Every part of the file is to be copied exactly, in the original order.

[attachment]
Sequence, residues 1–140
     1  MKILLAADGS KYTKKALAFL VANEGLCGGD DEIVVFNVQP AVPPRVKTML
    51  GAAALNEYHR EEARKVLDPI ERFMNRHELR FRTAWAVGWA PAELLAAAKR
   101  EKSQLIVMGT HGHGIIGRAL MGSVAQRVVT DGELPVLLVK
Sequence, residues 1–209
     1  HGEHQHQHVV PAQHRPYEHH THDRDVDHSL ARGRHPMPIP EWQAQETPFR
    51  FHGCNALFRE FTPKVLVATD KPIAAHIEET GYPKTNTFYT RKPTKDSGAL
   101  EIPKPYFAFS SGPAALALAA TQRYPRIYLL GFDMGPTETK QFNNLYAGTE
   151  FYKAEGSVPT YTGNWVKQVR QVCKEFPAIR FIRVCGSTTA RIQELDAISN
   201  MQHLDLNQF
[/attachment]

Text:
Sequence, residues 1–140
     1  MKILLAADGS KYTKKALAFL VANEGLCGGD DEIVVFNVQP AVPPRVKTML
    51  GAAALNEYHR EEARKVLDPI ERFMNRHELR FRTAWAVGWA PAELLAAAKR
   101  EKSQLIVMGT HGHGIIGRAL MGSVAQRVVT DGELPVLLVK
Sequence, residues 1–209
     1  HGEHQHQHVV PAQHRPYEHH THDRDVDHSL ARGRHPMPIP EWQAQETPFR
    51  FHGCNALFRE FTPKVLVATD KPIAAHIEET GYPKTNTFYT RKPTKDSGAL
   101  EIPKPYFAFS SGPAALALAA TQRYPRIYLL GFDMGPTETK QFNNLYAGTE
   151  FYKAEGSVPT YTGNWVKQVR QVCKEFPAIR FIRVCGSTTA RIQELDAISN
   201  MQHLDLNQF